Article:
• Many websites use a single CSS Style Sheet or Script File for the entire website. Sometimes, just going through these files and cleaning them up can improve the performance of your site by reducing the page size. If you are referencing images in your style sheet that are no longer used on your website, it's a waste of performance to leave them in there and have them loaded each time the style sheet is loaded.
  • Run a web page analyzer against pages in your website so that you can see exactly what is being loaded and what takes the most time to load.
24) Design with ValueTypes
Use simple structs when you can, and when you don't do a lot of boxing and unboxing.
ValueTypes are far less flexible than Objects, and end up hurting performance if used incorrectly. You need to be very careful about when you treat them like objects. This adds extra boxing and unboxing overhead to your program, and can end up costing you more than it would if you had stuck with objects.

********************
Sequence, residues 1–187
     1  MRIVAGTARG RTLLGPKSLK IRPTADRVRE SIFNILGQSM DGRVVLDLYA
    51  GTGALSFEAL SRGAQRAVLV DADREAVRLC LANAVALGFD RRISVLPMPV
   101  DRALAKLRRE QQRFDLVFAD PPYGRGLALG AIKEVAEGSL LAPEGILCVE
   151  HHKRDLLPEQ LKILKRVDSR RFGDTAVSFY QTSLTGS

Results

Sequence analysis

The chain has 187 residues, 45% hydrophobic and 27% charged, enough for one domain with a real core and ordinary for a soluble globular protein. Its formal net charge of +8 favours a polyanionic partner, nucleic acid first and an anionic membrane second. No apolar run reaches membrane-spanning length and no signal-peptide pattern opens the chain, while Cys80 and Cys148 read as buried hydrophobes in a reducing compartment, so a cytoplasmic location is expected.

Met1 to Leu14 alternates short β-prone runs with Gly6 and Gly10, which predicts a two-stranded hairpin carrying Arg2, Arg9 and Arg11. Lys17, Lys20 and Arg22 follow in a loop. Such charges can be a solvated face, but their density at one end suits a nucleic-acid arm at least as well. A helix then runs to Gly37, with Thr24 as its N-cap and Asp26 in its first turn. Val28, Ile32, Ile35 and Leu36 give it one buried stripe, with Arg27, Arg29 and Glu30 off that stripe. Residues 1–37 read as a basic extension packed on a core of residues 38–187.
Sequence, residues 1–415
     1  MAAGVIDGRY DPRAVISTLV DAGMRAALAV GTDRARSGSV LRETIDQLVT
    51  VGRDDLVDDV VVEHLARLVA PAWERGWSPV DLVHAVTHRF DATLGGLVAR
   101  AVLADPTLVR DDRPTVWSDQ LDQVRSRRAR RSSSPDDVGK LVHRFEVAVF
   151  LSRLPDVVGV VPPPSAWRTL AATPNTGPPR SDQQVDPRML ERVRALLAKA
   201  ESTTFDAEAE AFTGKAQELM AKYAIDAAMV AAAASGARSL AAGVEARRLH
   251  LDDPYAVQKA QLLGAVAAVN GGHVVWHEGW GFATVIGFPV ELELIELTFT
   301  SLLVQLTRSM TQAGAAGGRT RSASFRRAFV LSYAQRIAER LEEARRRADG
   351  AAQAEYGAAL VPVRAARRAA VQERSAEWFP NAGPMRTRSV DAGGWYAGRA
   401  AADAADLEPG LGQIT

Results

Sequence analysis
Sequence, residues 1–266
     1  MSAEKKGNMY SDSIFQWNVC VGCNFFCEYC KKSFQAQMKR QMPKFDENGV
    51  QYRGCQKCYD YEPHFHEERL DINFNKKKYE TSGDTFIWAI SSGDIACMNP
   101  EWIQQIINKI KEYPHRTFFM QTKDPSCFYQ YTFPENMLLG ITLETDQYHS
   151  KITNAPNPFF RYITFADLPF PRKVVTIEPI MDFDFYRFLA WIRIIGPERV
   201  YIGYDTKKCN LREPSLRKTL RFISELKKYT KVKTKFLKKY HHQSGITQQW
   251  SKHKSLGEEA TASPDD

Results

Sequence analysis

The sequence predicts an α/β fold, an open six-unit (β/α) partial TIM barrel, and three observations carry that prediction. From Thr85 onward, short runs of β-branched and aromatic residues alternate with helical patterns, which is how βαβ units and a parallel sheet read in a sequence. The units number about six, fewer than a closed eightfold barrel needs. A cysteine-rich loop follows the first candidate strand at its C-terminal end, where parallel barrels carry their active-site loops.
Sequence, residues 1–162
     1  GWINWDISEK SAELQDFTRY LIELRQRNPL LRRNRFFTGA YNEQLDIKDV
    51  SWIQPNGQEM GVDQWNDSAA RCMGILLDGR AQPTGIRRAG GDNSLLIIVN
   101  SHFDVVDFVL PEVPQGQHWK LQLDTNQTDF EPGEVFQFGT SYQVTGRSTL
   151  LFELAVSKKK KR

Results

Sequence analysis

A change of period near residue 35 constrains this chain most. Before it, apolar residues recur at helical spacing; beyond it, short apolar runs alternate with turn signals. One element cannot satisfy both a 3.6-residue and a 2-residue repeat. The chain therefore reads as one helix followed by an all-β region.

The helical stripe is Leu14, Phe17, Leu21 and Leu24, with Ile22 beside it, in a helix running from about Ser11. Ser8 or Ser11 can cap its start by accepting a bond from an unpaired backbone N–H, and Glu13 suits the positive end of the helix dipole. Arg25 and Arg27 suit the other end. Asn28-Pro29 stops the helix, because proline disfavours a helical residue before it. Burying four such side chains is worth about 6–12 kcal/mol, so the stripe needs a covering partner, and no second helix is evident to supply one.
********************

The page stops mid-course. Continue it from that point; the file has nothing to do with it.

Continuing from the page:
25) Minimize assemblies
Minimize the number of assemblies you use to keep your working set small. If you load an entire assembly just to use one method, you're paying a tremendous cost for very little benefit. See if you can duplicate that method's functionality using code that you already have loaded.

26) Encode Using ASCII When You Don't Need UTF
By default, ASP.NET comes configured to encode requests and responses as UTF-8.
If ASCII is all your application needs, eliminated the UTF overhead can give you back a few cycles. Note that this can only be done on a per-application basis.

27) Avoid Recursive Functions / Nested Loops
These are general things to adopt in any programming language, which consume lot of memory. Always avoid Nested Loops, Recursive functions, to improve performance.

28) Minimize the Use of Format ()